The intruder alarm detection devices CIA use

On this page we detail the various devices we install with our intruder alarms, from movement sensors – through magnetic reed contacts and vibration detectors – to break glass detectors, and explain a little about how they all work and good system design practices.

The movement detectors CIA use

Like all the equipment we use in our installations, Christie Intruder Alarms only ever uses the very best quality movement detectors.

This is important because poor quality movement detectors are credited as the second most common cause for a system to false alarm.  (The first is user error.)

A persistently false alarming system will not only annoy your neighbours but alert burglars to the potential of easy pickings, and if your alarm is monitored, you will lose police response after three false alarms in any rolling 12 month period.

CIA’s Research & Development department continually assesses the market to ensure that we remain at the forefront of movement detector technology for the lowest price, to protect you and our reputation as the installer with one of the lowest false alarm activation rates in the area.

Today’s movement detector types

These days there are really only two viable types of movement detector to consider. The passive infra-red sensor (PIR) and dual technology sensor (Dual-tec).

PIRs detect changes in the room’s ambient temperature through infra red sensors.  When temperature changes are detected in several different sections of the infra red at once, the sensor’s electronics determines movement and trips the alarm.  CIA only uses PIRs with mirror optics which accurately divide the beams and increases stability still further.

Dual-tec, as the name suggests, is a combination of two technologies – a PIR, and a microwave sensor which detects motion through the principle of Doppler radar – and both technologies must detect movement before it trips the alarm.

Correct design and installation to avoid false alarms

Although high quality movement detectors minimise false alarms, good system design and mindful choice and placement of the right motion detector for the specific location is also of paramount importance.  There is a danger, otherwise, that even high quality movement detectors will false alarm.

And this is where CIA’s expertise comes in.  Most of our sales team have come from an engineering background and know what to look for.  They know that PIRs can trip because of air convection, from the sun heating windows or from reflections off shiny objects, and that Dual-tec’s microwave sensors react to movement through glass and thin walls and even by water moving in pipes.  So they will ensure that the detectors are located in an optimum position to avoid false alarm potential, while our trained intruder alarm engineers will make modifications during installation – such as masking some mirror optics, perhaps around a heat source like a wood burner – to increase the detectors’ stability.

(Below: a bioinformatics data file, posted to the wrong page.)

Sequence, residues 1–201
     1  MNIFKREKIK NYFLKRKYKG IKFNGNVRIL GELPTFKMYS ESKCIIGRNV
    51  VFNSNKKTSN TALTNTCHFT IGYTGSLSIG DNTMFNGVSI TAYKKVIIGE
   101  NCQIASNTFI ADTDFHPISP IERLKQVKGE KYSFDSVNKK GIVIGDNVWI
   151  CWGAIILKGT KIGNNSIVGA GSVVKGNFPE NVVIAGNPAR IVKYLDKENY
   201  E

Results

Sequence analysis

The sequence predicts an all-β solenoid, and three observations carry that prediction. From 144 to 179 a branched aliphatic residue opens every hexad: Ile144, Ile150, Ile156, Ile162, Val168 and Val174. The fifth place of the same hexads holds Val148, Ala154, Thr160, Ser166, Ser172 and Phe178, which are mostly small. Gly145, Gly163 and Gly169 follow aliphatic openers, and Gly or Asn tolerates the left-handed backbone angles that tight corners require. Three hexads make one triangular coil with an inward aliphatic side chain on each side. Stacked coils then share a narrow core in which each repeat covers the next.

Magnetic reed switches – door or window “contacts”

A magnetic reed switch, commonly referred to as a “contact”, is a normally–closed switch that completes an electrical circuit of an alarm system, when a magnet (usually fitted in the opening portion of the door, window or hatch) is in contact with the switch (usually fitted in the frame) signifying that it remains closed. When the alarm system is set (active), if the door, window or hatch is opened the alarm system is triggered.

Door contacts are also the most commonly used means of completing the exit sequence and setting a system – programmed as a “final exit” door, or (despite the name final exit) starting the entry sequence when un-setting a system.

If a final exit door is the first detection device to change state (from closed to open), the entry sequence begins and a pre-determined amount of time allows the detected person to reach the control keypad to unset the alarm, and any detection devices fitted along the “exit route” are programmed as such and will not trigger the alarm within this timeframe.

Vibration detectors

These can be fitted on walls, ceilings and door (or window) frames and detect vibrations associated with shocks (drilling would normally cause similar vibrations).

Although piezo electronics have replaced the old mechanical inertia sensors (where a ball sits in a cradle completing a circuit, and shocks cause the ball to jump breaking the circuit for a brief moment) and piezos allow for sensitivity adjustment, vibration detectors are still overly susceptible to false alarms from thunder and lightning, heavy traffic, earthquakes (like the Ramsgate earthquake 22 May 2015) along with many other meteorological or otherwise random events.

Because of this we are reluctant to use these unless the situation categorically demands it.

Breaking glass detectors

Break glass detectors sense the range of acoustic frequencies associated with breaking glass.  These are usually mounted on the ceiling or wall adjacent to glass panes being protected.

Two outdated ways of protecting windows are:

Magnetic foil – a method that involved varnishing a thin strip of conducting foil to the inside of the glass which would reliably trigger the alarm even if the glass was only cracked

Tube-and-wire-frame – whereby an unsophisticated frame of wood and aluminium tubes (resembling bars) with wire stretched inside the tubes tightly enough that if the tubes were bowed the alarm would be triggered.

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